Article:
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Illness, social disadvantage, and sexual risk behavior in adolescence and the transition to adulthood

Alley, Jenna; Owen, Rebecca Y.; Wawrzynski, Sarah E.; Lasrich, Lauren; Ahmmad, Zobayer; Utz, Rebecca; & Adkins, Daniel E. (2020). Illness, social disadvantage, and sexual risk behavior in adolescence and the transition to adulthood. bioRxiv.

Alley, Jenna; Owen, Rebecca Y.; Wawrzynski, Sarah E.; Lasrich, Lauren; Ahmmad, Zobayer; Utz, Rebecca; & Adkins, Daniel E. (2020). Illness, social disadvantage, and sexual risk behavior in adolescence and the transition to adulthood. bioRxiv.

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This study investigated the influence of illness on sexual risk behavior in adolescence and the transition to adulthood, both directly and through moderation of the impact of social disadvantage. We hypothesized positive effects for social disadvantages and illness on sexual risk behavior, consistent with the development of faster life history strategies among young people facing greater life adversity. Using the first two waves of the National Longitudinal Study of Adolescent Health, we developed a mixed effects multinomial logistic regression model predicting sexual risk behavior in three comparisons, risky nonmonogamous sex vs. 1) safer nonmonogamous sex, 2) monogamous sex, and 3) abstinence, by social characteristics, illness, interactions thereof, and control covariates. Multiple imputation was used to address a modest amount of missing data. Subjects reporting higher levels of illness had lower odds of having safer nonmonogamous sex (OR = 0.84, p < .001), monogamous sex (OR = 0.82, p < .001), and abstinence (OR = 0.74, p < .001) vs. risky nonmonogamous sex, relative to individuals in better health. Illness significantly moderated the sex (OR = 0.88, p < .01), race/ethnicity (e.g., OR = 1.21, p < .001), and childhood SES (OR = 0.94; p < .01) effects for the abstinent vs. risky nonmonogamous sex comparison. Substantive findings were generally robust across waves and in various sensitivity analyses. These findings offer general support for the predictions of life history theory. Illness and various social disadvantages are associated with increased sexual risk behavior in adolescence and the transition to adulthood. Analyses indicate that the buffering effects of several protective social statuses against sexual risk-taking are substantially eroded by illness.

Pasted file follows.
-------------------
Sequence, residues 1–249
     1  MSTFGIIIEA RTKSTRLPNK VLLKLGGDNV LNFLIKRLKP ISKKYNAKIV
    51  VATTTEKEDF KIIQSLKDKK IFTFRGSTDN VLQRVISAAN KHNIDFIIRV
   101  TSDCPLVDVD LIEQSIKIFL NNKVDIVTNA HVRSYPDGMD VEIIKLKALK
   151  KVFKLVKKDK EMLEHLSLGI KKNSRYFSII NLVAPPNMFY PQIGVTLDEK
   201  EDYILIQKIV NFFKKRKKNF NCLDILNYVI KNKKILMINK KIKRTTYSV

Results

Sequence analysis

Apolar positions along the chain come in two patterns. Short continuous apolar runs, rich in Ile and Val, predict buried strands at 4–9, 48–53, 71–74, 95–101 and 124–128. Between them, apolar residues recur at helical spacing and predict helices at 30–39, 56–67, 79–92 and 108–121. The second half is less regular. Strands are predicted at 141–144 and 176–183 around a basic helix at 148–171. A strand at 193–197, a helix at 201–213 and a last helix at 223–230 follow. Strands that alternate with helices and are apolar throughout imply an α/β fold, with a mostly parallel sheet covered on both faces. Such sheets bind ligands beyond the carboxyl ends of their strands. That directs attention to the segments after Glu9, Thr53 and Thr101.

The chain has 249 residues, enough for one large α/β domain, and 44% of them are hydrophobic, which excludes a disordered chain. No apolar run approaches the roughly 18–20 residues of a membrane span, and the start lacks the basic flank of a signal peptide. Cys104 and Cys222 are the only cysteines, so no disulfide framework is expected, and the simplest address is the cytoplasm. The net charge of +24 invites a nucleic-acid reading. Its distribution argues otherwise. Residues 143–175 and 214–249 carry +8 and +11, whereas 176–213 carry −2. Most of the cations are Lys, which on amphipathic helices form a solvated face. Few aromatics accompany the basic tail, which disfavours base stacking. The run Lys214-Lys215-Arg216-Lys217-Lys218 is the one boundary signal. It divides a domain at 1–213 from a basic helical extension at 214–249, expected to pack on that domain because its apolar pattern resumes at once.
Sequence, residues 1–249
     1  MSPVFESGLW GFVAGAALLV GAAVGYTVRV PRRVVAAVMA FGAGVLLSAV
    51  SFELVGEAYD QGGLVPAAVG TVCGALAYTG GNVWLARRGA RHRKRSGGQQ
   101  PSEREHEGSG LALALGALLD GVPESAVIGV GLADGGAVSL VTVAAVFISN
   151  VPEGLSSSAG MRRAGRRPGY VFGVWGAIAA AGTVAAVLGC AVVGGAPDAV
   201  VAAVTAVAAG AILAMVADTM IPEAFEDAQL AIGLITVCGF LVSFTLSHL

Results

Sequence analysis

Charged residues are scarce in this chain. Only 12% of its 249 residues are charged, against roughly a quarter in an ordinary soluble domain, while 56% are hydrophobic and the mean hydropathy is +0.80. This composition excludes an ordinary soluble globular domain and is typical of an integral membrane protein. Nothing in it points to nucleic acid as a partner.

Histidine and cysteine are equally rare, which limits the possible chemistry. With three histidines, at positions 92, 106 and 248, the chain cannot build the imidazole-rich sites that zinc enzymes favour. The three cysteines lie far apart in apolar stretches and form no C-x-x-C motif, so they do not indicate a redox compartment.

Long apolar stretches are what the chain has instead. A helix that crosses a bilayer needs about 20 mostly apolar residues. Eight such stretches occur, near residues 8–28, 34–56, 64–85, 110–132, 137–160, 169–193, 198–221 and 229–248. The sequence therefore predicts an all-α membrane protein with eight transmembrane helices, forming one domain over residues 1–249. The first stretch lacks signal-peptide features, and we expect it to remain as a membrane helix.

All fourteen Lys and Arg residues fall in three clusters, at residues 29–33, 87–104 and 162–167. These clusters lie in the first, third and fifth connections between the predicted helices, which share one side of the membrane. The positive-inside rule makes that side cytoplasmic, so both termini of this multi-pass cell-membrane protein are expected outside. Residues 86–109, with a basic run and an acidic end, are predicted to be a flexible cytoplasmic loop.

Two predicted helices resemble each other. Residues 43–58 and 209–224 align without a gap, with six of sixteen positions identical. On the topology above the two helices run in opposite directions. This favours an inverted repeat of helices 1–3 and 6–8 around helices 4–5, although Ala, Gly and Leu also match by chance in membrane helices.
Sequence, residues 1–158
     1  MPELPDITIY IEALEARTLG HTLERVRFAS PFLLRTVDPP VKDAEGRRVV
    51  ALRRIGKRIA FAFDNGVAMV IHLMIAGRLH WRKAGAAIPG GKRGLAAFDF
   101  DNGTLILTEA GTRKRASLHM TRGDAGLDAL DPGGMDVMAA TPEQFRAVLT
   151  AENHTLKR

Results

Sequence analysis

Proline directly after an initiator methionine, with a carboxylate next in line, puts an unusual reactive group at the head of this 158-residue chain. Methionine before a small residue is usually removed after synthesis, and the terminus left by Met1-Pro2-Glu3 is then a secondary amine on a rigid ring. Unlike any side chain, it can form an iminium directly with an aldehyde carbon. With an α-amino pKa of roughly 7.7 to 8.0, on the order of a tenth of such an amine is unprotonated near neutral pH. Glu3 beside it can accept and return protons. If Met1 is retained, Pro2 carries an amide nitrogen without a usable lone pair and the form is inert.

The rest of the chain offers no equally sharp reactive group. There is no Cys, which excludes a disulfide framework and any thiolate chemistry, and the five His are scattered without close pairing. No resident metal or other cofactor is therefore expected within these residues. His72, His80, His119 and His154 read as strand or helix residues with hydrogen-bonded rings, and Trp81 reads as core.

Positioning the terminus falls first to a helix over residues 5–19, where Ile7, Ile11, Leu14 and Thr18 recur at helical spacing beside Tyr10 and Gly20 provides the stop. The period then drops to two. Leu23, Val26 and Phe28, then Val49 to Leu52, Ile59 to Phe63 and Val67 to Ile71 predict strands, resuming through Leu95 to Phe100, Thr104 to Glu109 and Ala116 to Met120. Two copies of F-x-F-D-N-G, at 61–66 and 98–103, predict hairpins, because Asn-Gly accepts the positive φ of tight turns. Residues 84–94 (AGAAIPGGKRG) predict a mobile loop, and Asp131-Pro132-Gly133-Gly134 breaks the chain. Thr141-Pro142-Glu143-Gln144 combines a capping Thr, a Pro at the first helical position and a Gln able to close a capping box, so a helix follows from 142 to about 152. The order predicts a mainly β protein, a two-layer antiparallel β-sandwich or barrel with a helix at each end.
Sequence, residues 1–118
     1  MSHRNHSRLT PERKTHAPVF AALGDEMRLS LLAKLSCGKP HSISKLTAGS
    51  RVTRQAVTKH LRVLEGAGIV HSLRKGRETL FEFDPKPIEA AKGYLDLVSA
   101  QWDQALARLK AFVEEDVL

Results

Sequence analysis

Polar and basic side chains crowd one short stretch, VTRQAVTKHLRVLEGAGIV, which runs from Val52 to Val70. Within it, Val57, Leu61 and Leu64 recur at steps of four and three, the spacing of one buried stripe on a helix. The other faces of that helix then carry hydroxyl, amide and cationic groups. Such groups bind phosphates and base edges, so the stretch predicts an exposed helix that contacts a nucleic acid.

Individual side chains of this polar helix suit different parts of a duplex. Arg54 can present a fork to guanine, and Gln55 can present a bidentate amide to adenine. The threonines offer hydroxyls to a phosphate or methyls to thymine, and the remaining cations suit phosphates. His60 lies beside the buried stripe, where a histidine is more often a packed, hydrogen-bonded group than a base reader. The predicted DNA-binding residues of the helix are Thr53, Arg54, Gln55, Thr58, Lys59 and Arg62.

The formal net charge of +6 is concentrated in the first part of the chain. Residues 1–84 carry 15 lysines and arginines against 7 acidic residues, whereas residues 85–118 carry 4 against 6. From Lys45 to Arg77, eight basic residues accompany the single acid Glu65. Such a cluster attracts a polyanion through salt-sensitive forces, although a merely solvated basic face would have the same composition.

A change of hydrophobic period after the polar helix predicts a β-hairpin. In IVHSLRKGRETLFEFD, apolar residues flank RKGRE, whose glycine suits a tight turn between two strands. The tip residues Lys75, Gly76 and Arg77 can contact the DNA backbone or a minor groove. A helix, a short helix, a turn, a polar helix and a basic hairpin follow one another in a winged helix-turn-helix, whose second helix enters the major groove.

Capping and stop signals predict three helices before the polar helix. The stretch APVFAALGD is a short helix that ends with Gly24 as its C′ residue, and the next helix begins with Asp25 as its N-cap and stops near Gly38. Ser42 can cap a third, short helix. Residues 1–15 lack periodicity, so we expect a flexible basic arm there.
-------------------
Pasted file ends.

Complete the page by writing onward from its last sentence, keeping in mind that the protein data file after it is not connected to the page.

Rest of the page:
JOUR



Alley, Jenna
Owen, Rebecca Y.
Wawrzynski, Sarah E.
Lasrich, Lauren
Ahmmad, Zobayer
Utz, Rebecca
Adkins, Daniel E.



2020


bioRxiv










10.1101/419010



8970